Studio Underdog’s next pizza watch event is the Windup Watch Fair, San Francisco

JVC Home Entertainment Catalogue from Audio Erotica: Hi-Fi Brochures 1950s-1980s by Jonny Trunk.

As the founder of Truck Records, an eclectic label known for cult film music, electronica and experimental jazz, it is perhaps unsurprising that writer and broadcaster Jonny Trunk has a fascination with hi-fi. But his new book Audio Erotica showcases an under-appreciated part of the home listening market’s history. This book chronicles hi-fi catalogues, providing a feast of forgotten formats, technical illustration, aspirational art direction and a social history of the changing audience for home listening.

Audio Erotica shows how manufacturers reacted to the popularity of pop music and house parties and the invention of cassettes and CDs. Alongside archives from industry greats such as Sony, Phillips and Bang & Olufsen, you can learn about the hi-fi companies that have not fared so well – Black Magic, Pickering and Nova, anyone? Not only are the catalogues great to look at but Trunk’s captions are funny and informative. Pick this up for the Athena-esuqe models in the Sony ads, read it cover to cover for the arcane facts about styluses, cassette recorders and walkmen.

Audio Erotica: Hi-Fi Brochures 1950s-1980s by Jonny Trunk (Fuel books) is out now

A skateboarding glass demon in Skate Story, by Sam Eng Photograph: Sam Eng

French fashion house Chanel recognises the value of design in all things, not just a well-cut suit. The Next Prize is a bursary and mentoring programme overseen by Chanel’s Culture Fund. This award selects 10 contemporary artists who are pushing boundaries in their respective creative fields. The latest winners have just been announced, and come from the UK, US, Ireland, Brazil, Singapore and Georgia. They work across film, dance, video game design, opera and digital art.

Self-taught game developer Sam Eng is one of the winners. He independently launched his award-winning debut game on Nintendo Switch in 2018 and is now working on Skate Story, which features a skateboarding glass demon. Eng collaborates with digital artist Ian Cheng on installation pieces and has also found time to co-found Gumbo NYC, a collective for independent game makers.

Yana Peel, the global head of arts and culture at Chanel, said: “The Chanel Next Prize was founded to amplify the work of artists who are making a difference and redefining their disciplines. The second edition of the prize will celebrate and support 10 such artists. Each is a catalyst and a pioneer. Each is disrupting established practice across a multitude of cultural fields, from art and opera to cinema and game design. Watching their creative journeys will be thrilling.”

This month’s design news is filled with nostalgia. Jonny Trunk’s captivating history of hi-fi catalogues takes us back to a time before downloads, while the relaunch of the boutique Granny Takes a Trip brings back the essence of 60s psychedelia. The new exhibition at Vitra Museum also emphasizes the importance of looking back to find solutions to modern problems.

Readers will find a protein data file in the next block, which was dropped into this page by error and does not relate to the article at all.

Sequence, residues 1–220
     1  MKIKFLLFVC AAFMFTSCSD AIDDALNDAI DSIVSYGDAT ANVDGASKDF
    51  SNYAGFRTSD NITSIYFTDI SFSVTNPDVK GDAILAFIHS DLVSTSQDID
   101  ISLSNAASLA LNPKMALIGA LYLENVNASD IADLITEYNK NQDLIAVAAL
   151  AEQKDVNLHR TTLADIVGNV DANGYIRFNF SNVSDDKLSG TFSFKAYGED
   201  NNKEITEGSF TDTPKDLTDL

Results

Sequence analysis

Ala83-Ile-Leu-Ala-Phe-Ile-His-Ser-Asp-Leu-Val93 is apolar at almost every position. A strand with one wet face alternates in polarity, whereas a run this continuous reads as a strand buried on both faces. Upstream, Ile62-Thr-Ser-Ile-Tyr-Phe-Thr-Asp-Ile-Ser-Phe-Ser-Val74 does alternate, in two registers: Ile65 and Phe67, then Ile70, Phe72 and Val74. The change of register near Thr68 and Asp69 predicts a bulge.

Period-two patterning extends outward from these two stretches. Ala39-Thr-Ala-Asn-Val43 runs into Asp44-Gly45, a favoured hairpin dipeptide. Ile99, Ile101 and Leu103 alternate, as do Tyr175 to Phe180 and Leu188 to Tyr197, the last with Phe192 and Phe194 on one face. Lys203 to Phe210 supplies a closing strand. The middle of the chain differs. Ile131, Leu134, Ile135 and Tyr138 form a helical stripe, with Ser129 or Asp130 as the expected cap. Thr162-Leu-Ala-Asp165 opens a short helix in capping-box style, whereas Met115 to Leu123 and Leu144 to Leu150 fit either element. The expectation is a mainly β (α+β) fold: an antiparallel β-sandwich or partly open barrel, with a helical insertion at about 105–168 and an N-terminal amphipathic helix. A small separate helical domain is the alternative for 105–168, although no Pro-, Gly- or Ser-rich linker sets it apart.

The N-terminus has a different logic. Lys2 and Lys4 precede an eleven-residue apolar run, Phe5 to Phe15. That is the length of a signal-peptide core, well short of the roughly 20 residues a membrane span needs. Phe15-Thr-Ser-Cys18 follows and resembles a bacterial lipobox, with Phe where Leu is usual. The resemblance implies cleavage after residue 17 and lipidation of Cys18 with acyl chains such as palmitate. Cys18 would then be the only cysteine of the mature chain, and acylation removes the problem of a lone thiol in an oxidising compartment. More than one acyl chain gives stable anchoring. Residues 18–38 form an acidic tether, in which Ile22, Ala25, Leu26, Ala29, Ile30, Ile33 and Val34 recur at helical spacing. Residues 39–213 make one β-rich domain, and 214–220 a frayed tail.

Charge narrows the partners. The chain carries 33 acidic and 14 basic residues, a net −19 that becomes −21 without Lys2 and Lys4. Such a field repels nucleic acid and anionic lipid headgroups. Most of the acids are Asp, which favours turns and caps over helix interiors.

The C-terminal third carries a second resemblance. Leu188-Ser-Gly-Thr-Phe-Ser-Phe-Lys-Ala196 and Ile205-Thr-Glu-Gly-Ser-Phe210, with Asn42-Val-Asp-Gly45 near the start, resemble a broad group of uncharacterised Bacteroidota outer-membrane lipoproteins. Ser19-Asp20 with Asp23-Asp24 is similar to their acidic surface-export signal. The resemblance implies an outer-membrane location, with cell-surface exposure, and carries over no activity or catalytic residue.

April marks the annual design fest of Salone Del Mobile in Milan, where the focus is on kitchen and bathroom design, showcasing technology that will revolutionize cooking in the future. An exhibition co-curated by international food magazines will explore the cultural significance of food, featuring artists, designers, and chefs. Notable events at Salone include an installation by filmmaker David Lynch, known for his unique furniture designs and collections.

Granny Takes A Trip, the iconic London boutique founded in 1966, is making a comeback as an online boutique. Known for its vintage and one-of-a-kind designs, the shop was frequented by cultural icons like the Beatles and Jimi Hendrix. The relaunch will continue the tradition of using repurposed fabric and surplus band merchandise in their designs.

The Design Council’s Green Design Skills Gap Report reveals that only 43% of designers feel equipped to address the demand for environmental design. The Vitra Design Museum’s exhibition, “Transform! Designing the Future of Energy,” offers solutions to reduce energy consumption through innovative design and lifestyle changes. The exhibition features historical and cutting-edge projects that aim to reshape our relationship with energy consumption.

British Watchmakers Day saw the unexpected success of Studio Underdog’s food-themed watches, with their Pepperoni pizza watch becoming a hit among collectors. The brand’s unique approach to watchmaking has garnered attention and popularity, leading to the creation of more food-themed timepieces.

Author Jonny Trunk’s latest book, “Audio Erotica: Hi-Fi Brochures 1950s-1980s,” delves into the history of hi-fi catalogues, showcasing forgotten formats and the evolution of home listening technology. The book provides a glimpse into the world of hi-fi enthusiasts and the changing landscape of home entertainment.

Chanel’s Next Prize recognizes contemporary artists who are pushing boundaries in their creative fields. Winners from around the world are awarded a bursary and mentorship to further their artistic endeavors. Among the winners is game developer Sam Eng, known for his innovative game designs and collaborations with digital artists.

Overall, this month’s design news is a blend of nostalgia, innovation, and creativity, showcasing the diverse and dynamic landscape of the design world.